Chapter 22



Service details

Major General Ronald Laurence Hughes CBE DSO graduated in 1939 as a subaltern in the Darwin Mobile Force, New Guinea and Tarakan campaigns. He later commanded 2 RAR in Puckapunyal and 3 RAR in Korea 1952-54. After a number of overseas and staff appointments he was appointed Commander 1 Task Force in South Vietnam 1967-68. Later he attended the Imperial Defence College and was Director of the Joint Staff 1971/73 and Commander 1 Division 1974-75 until retirement.


On 20 June 1952 I left Sydney for Korea to take command of 3 Battalion Royal Australian Regiment (3RAR). I had just spent eighteen months at Puckapunyal commanding 2RAR which was engaged in training K Force and other Regulars as reinforcements for Korea. I traveled with Brigadier "Tom" Daly who was to become the first Australian commander of 28 British Commonwealth Infantry Brigade.

I arrived in Korea on 24 June 1952 to find the battalion in reserve but preparing to move into the line to relieve the 1st Battalion Royal Canadian Regiment 1RCR) in a position known as the Songgok position. My predecessor, Lieutenant Colonel (Lt Col) Frank Hassett, retained command of the battalion for the move into the line on 29 June 1952 and then handed over to me on 2 July 1952.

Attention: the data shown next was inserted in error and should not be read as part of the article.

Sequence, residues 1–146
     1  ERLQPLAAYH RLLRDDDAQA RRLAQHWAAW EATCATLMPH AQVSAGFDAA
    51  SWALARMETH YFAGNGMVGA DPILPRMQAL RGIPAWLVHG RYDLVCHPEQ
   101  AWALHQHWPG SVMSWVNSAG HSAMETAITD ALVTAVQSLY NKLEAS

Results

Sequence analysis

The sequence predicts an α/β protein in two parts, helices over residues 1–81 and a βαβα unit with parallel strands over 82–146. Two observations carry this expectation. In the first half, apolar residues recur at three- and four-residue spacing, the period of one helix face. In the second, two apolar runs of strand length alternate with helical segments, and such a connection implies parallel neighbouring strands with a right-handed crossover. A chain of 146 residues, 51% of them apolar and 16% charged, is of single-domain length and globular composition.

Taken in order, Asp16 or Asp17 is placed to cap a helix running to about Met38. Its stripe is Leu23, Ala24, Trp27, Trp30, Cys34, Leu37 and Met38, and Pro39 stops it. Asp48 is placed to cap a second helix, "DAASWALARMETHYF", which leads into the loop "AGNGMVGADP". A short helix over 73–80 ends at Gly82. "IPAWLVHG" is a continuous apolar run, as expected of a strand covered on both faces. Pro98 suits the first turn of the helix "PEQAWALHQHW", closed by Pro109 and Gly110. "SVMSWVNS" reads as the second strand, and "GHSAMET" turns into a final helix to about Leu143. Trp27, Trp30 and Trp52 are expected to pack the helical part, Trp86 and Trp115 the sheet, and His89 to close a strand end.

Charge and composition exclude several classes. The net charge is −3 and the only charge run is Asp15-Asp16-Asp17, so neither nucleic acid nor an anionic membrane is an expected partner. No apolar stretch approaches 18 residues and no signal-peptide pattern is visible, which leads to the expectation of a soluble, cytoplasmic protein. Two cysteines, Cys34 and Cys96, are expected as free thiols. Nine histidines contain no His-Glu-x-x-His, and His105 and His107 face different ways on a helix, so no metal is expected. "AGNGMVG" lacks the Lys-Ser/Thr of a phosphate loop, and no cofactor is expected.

Unlike 1 and 2RAR who came to Korea as formed battalions and were relieved as formed battalions, 3RAR remained for ever in Korea and was reinforced continuously on what became known as the "trickle" system. This system has its advantages and disadvantages, but for me it had the advantage that I knew and had trained many of the officers, NCOs and men in Puckapunyal and most of the reinforcements joining the battalion in the next three months had been with me in Puckapunyal.

Immediately after we moved into the forward line the Brigade Commander made a number of changes in the Brigade dispositions. This enabled 3RAR to reposition D Company (Coy) into the forward left company area where it would be in close support of a very isolated platoon position we had inherited from 1RCR. As we moved into the line the rains came and so D Coy found digging the new company position relatively easy. The other companies however had difficulties with their weapon pits and hutchies because, due to a severe lack of timber, existing works were not very secure and under the influence of rain and Chinese shelling many of these fell in. It was necessary to rescue Major Ralph Sutton from a collapsed hutchie, but we suffered no casualties. 1RAR was not so fortunate. Later in the year the Engineers procured some very good eight inch timbers and very fine dugouts were built with excellent overhead cover.